One of our homeletics (preaching) professors talks about chocolate shavings in the sermon writing process. Whenever we preach, there is bound to be material that just can't find its way into the sermon but is still good. Like when a chocolate bunny is made, there are shavings left over from when the bunny's figure is formed. It is still perfectly good chocolate, it just isn't necessary for that bunny. Here are some chocolate shavings from the sermon I'm currently working on. The passage is Mark 8:31-38.

In the incarnation of God in Jesus Christ, we see God reaching into humanity. Wanting to be in solidarity with us. To reconcile humanity in our broken condition. This is God’s great gesture of love. God’s way of saying “yes” to humanity. Martin Luther says that through Jesus on the cross, we are liberated to become “imitators of God.” Not as a requirement for righteousness, but as a response made in love. When we understand the love of God, we respond with love.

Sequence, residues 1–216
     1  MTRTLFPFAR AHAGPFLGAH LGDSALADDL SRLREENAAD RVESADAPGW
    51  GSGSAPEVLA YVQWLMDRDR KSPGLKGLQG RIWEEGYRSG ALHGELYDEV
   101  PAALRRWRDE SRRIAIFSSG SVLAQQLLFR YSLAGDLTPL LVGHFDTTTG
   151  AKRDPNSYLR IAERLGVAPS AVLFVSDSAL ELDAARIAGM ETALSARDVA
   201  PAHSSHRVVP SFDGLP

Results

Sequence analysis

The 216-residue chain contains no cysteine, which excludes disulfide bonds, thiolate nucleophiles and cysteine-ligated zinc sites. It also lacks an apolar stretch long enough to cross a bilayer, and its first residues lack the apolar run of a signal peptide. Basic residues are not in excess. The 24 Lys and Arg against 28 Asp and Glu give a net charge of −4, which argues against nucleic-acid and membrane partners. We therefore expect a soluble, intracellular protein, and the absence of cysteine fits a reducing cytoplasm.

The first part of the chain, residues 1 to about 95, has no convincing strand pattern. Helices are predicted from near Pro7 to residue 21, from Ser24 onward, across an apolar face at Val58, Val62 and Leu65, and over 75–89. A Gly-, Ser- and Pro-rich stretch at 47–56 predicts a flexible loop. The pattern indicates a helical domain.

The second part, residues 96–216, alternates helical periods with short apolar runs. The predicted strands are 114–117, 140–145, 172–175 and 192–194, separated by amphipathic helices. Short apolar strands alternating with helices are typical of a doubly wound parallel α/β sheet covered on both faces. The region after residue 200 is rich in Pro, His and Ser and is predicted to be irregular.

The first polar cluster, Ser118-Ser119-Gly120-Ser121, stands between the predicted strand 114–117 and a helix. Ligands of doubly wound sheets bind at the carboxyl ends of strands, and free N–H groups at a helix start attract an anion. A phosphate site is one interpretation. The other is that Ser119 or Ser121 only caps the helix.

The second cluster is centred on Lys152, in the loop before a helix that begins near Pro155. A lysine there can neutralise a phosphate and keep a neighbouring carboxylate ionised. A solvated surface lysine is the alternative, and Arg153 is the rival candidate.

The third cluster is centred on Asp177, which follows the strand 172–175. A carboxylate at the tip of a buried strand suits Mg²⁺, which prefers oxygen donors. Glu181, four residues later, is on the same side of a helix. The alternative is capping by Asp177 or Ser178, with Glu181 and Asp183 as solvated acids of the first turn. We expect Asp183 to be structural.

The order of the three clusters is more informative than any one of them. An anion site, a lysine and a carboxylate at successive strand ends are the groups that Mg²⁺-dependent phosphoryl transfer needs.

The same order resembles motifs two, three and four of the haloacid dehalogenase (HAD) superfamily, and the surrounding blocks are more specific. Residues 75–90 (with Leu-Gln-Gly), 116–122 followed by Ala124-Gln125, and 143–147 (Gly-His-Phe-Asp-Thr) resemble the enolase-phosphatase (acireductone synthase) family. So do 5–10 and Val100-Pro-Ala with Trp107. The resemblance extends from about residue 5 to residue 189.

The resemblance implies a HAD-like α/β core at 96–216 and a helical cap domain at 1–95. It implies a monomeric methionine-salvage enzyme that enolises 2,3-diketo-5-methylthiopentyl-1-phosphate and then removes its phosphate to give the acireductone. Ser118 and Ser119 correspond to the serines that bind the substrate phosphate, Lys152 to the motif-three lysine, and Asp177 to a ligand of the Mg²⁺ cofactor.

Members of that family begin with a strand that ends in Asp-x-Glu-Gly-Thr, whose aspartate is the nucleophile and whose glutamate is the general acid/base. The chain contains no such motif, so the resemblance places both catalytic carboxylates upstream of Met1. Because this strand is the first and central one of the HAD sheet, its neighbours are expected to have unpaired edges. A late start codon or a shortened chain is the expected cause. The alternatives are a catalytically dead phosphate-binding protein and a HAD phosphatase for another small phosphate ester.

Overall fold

When Jesus calls us to pick up our crosses and lose our lives, he’s telling us that to follow him requires radical discipleship. But it isn’t just to follow. Not just to be with Jesus. It is to do as Jesus does. Mimicking, imitating the actions of Jesus. When Jesus says to pick up our cross, he is calling us to stand up against the wicked forces that oppress. Those forces that cause poverty, suffering and injustice. That is the cross Jesus calls us to pick up and bear alongside him.